And he answered questions himself. He told how he supported the effort for war. How last year he bought four defense bonds, each for twenty-five dollars. He told how he was not “in possession” of ammunition, short-wave receiving sets, transmitting sets, signal devices. He was not even sure what meant all such things; he just kept shaking his head.

The lieutenant spoke again. “Well, soldier. You have a very important job here.”

Josef stood as straight as possible.

“We have four kitchens at this camp. You will take charge of one.”

A mistake, surely. “I beg pardon?”

“Yes, it’s a big job.” The lieutenant tucked the clipboard under his arm. “We’re going to have 3,000 prisoners here, eventually. But you’ll have help.”


Silence. “Some prisoners.” More silence. “From Europe.”

The lieutenant, he could not possibly mean—.


(“Smart man. He was careful not to use the word ‘Nazi,’”said Nelly, later.)

Then the lieutenant stepped closer and tapped Josef’s arm. Josef almost jumped.

“Don’t worry, Freiburg,” he said.

Josef worried. And not only about those Nazis about to descend like a plague on Egypt. Crossing the ocean, first, as he had not too many years past. Then crossing the country, part of the way at least. Maybe they, too, would find it remarkable, the almost endless land of this America. A day could go by, and then another, and still one would not be at its other border, at the ocean on its other side.

But he worried not only about them. Because Nelly arrived. All the time he thought of her, and of the baby. Camp Clarinda’s medical facilities could not meet the needs of a woman in Nelly’s condition, but the town had a new municipal hospital, where babies were born.

In all his memories he could not find such joy as in the news of this baby. It would, of course, be a son. Handsome. With dark, curly hair and maybe Josef’s own brown eyes. He would go to school. He would be a doctor, one day. Or a lawyer. Or a rabbi. Or maybe even President of the United States of America.

But not a baker. Never. Josef will cut off his boy’s hands first. It is good and honest work. But his son—his son will go to school. He will do more. Better.

Nelly was not so enthusiastic, and not only for the physical reasons he imagined all females feared.

“How are we going to feed a baby?” she demanded, when first she had told him the news. In moments such as these her blue-gray eyes always looked cloudy and made him think about the winter ice on the stream behind his house in Altheim. “We can’t always feed ourselves.”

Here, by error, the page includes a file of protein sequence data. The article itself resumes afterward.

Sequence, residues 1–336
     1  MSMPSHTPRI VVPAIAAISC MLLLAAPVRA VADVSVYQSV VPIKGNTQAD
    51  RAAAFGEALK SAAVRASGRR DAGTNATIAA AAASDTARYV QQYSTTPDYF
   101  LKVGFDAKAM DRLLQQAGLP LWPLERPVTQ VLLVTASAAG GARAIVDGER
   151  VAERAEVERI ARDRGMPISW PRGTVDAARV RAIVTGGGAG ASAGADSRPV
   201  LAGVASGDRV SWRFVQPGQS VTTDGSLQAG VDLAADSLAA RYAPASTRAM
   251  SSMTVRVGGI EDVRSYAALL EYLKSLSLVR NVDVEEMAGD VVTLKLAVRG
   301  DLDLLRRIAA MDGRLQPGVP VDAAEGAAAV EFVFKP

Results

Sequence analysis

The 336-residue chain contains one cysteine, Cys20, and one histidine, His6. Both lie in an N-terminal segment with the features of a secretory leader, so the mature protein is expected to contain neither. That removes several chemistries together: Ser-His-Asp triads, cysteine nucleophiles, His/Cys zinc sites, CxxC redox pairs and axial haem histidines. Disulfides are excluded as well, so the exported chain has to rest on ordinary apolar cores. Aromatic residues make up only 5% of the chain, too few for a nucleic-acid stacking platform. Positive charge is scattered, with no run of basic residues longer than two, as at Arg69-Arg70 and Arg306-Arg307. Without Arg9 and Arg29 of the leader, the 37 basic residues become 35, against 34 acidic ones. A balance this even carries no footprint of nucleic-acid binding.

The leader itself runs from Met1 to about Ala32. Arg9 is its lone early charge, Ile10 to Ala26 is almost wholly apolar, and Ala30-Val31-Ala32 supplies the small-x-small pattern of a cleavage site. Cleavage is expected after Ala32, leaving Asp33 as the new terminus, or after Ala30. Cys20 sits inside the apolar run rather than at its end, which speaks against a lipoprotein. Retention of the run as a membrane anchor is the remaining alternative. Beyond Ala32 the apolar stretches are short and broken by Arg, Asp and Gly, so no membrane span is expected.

True, back at home in New York. But in Clarinda, in the country’s basket of bread—Josef liked that phrase and repeated it often—the corn crops alone promised food enough. Mrs. Johnson, their landlady, grew a vegetable garden and brought them fat red tomatoes fresh from the vines. Still Nelly worried, especially since in her family there had been many twins, and once she’d located a doctor in Clarinda she insisted that he arrange for an x-ray to make sure that she was carrying only one child, not two.

“If only you ate pork,” she’d sigh in pretend-sadness when she prepared a favorite pea soup, which she’d told him as a child she’d always eaten prepared with bacon. “Then we could really feast, every night.” Nelly came from a big city, after all. To her parents, the religion was never so important. But even without pork, it was good to watch Nelly’s middle expand. Sometimes he could not believe he was husband to this fine lady who spoke such good English. Only here, in America, where they had both arrived as refugees, both lived in Yorkville, both found work (she as a governess in the home of a rich Jewish family), both happened to spend part of the same day off visiting the same friend, also a refugee, who was recovering from the pneumonia. Josef had admired her from that first meeting, and when they both took leave of the friend he had asked when he might see her again.

Sometimes Lieutenant Donaldson stopped by the kitchen. Josef usually had a slice of apple cake or a sweet roll set aside for him, or for the chaplain, who also visited from time to time. He was not certain why they seemed to have become his friends. Perhaps for Lieutenant Donaldson, it had something to do with what the man had said to Josef one day. He’d been raised to believe that the Jews were God’s Chosen People, he said, but until he’d met Josef, he’d never even known a Jew, personally. Whatever the reasons, Josef was grateful. Especially when one of them might offer him a ride into town and he might be home a little earlier, to spend more time with Nelly. So far the work was not so heavy, since the prisoners had not yet arrived and Josef had only to worry about feeding the Americans.